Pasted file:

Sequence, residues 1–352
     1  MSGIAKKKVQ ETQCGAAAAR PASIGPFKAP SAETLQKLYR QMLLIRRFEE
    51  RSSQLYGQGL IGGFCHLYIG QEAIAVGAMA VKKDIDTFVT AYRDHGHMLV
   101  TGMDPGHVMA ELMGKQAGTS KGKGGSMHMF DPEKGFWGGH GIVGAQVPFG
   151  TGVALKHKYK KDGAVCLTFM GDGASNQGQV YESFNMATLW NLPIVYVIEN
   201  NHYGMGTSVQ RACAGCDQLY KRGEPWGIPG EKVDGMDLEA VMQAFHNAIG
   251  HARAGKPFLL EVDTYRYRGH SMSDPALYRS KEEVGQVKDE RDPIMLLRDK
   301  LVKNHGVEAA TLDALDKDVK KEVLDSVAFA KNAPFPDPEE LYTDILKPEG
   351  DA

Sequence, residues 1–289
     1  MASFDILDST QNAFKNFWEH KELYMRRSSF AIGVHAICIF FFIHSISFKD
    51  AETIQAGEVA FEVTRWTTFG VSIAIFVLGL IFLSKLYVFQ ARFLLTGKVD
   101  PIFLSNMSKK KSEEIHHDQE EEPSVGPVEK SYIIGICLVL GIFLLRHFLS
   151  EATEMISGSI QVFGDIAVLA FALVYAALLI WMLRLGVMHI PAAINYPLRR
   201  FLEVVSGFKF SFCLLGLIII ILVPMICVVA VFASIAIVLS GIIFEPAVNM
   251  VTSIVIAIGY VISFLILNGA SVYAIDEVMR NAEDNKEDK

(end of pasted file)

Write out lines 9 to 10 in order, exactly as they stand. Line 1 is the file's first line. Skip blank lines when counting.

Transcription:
   351  DA

Sequence, residues 1–289